Figure 2. Distribution of regeneration result of the simulated stands. The establishment of seedlings was stochastically simulated for spruce planting (above), direct seeding and natural regeneration (below) on a disc-trenched site of medium fertility (MT)
Figure 3. Distribution of the number of seedlings on the plots of the simulated stands. The establishment of seedlings was stochastically simulated for spruce planting (above), direct seeding and natural regeneration (below) on a disc-trenched site of medium fertility (MT)  
Predicting establishment of tree seedlings in regeneration areas of Picea abies in southern Finland

January 2013

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140 Reads

This study predicts the establishment of regeneration of Norway spruce (Picea abies (L.) Karst.) in 3-, 4- and 5-year-old regeneration areas planted, direct-seeded and naturally regenerated, respectively, in southern Finland. Establishment of regeneration was described by the number of planted, direct-seeded and natural tree seedlings, as well as by the heights of spruces and broadleaves. For each regeneration method, establishment of regeneration was modelled by fitting a multilevel multivariate model to regeneration survey data. Site and soil quality and the method of site preparation were used as explanatory variables. Stochastic simulations that accounted for the random between-stand and within-stand variation in the regeneration result were conducted to compare the uncertainty and the need for removal of broadleaves (i.e. early cleaning) involved in different methods of regeneration for spruce. Using disc trenching as soil preparation method, the probability of good regeneration result for planting, direct seeding and natural regeneration was 58%, 34% and 38%, respectively. Using mounding, the probability of good regeneration result for planting increased to 73%. The risk of failed or poor regeneration in planting, direct seeding and natural regeneration was 3%, 37% and 32%, respectively. When considering only those simulated stands in which at least half of the plots required cleaning, 40% of planted stands, 99% of direct-seeded stands and 89% of naturally regenerated stands were deemed to require treatment. Planting was the most effective and guaranteed method of regeneration. Direct seeding and natural regeneration of spruce entail a high risk of failure.

Figure 3. Relevance between total annual ring width of the last five years and the stem diameter: A – healthy stand; B – increased risk stand; C – non-promising stand
Determining the growth potential for even-aged stands of Norway spruce (Picea abies (L.) karst.)

January 2007

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100 Reads

Under the forest growing conditions of Latvia the 30-40 year-old pure stands of spruce undergo abrupt changes. While in some stands an intensive volume growth in high quality stems continues, other stands decline, losing productivity and even breaking down. By using a method developed for this purpose, growth potential for even-aged pure stands of spruce in 355 forest compartments in eight regional forestries of Stock Company "Latvijas valsts me square i" was analysed. Out of the compartments analysed healthy and promising stands were 26%, hopeless unpromising stands 11%, and increased risk stands 63%. The loss of growth potential for spruce could only partially be explained by the impact of site type or regional differences. The results of the given study suggest that this process is related to the ecological demands of Norway spruce as a shade tolerant tree species.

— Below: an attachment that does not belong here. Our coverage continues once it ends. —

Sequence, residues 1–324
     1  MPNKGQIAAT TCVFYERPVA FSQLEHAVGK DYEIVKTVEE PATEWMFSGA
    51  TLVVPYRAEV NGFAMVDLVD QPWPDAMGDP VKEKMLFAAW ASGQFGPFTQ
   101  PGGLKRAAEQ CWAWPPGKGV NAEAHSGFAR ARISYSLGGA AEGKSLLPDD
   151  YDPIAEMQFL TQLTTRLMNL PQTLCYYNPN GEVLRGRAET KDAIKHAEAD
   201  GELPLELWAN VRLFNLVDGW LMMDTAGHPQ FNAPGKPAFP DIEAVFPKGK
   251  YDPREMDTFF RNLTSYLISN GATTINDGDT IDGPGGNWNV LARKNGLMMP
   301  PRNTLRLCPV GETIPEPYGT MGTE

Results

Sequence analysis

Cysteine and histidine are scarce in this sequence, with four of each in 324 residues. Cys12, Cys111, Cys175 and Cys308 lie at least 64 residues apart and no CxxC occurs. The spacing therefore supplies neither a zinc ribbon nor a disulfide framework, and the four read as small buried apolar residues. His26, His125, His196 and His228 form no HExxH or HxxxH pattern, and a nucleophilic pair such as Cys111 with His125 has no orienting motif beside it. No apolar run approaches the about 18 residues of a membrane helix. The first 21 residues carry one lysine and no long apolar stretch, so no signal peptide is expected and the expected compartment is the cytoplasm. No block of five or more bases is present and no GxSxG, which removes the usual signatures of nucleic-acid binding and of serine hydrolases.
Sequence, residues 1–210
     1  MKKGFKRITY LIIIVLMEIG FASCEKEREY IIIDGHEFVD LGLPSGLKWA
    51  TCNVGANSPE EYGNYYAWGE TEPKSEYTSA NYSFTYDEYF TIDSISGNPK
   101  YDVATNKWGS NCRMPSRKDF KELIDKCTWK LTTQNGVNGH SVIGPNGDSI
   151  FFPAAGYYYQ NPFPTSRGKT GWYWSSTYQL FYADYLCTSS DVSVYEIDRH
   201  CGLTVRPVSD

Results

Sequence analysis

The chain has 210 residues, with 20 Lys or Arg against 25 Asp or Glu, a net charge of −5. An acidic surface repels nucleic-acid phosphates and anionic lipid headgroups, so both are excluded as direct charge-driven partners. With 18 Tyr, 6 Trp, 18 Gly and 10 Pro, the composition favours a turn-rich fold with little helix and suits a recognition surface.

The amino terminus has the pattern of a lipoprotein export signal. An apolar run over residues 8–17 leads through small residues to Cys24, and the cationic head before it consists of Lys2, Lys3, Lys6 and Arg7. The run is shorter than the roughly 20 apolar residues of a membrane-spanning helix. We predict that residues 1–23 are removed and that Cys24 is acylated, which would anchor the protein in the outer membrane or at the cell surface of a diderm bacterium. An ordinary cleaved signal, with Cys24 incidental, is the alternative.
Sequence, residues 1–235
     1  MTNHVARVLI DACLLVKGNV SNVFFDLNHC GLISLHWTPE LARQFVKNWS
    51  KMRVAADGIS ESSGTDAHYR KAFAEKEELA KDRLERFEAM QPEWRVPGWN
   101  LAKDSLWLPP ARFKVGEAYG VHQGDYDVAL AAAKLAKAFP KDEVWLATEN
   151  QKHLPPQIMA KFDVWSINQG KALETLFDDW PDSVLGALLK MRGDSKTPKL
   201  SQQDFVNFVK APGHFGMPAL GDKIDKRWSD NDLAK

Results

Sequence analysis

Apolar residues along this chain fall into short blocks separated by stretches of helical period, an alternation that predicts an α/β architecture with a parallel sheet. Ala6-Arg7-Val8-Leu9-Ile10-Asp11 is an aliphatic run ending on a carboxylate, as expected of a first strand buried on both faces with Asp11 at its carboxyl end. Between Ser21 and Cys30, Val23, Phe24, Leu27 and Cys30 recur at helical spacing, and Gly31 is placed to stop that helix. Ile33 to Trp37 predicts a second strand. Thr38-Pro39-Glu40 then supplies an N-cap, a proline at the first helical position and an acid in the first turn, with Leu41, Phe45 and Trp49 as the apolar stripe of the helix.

Cone Bagging Hinders Cone and Rust Development of Picea Abies

January 2009

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17 Reads

Fruiting and sporulation of Norway spruce cone rusts were investigated in northern Finland. Pistillate flowers and developing cones were bagged at three intervals during the growing season to hinder cone infection by cone rusts, Thekopsora areolata and Chrysomyxa pirolata. The bagging of cones hindered the maturation and sporulation of T. areolata aecia in pistillate cones covered in May, although it also significantly retarded the development of these cones. The bagging fully restricted the formation of C. pirolata fruitbodies in cones. The amount of infected cones, however, was very small in general, regardless of the coverage of cones or lack of it during the growing period. In October 40% of the unbagged cones bore T. areolata aecia and 7% C. pirolata aecia. All of the unbagged cones developed normally and the rusts in the infected ones sporulated. Insects were more significant and common than rusts in 2007. The results indicated that rust colonization and fruiting are greatly dependent on the undisturbed development of spruce cones. The total lacking of T. areolata spermogonia in the infected cones implies that rust infection process can occur even without basidiospores. The small amount of cone scales bearing fruitbodies of both of the rust species suggests that they hinder the spread of infection of one another in the same cones.

Surface retention of polyurethane and acrylic coatings on impregnated spruce wood (Picea abies Karst) and comparison with some wood preservatives

February 2022

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73 Reads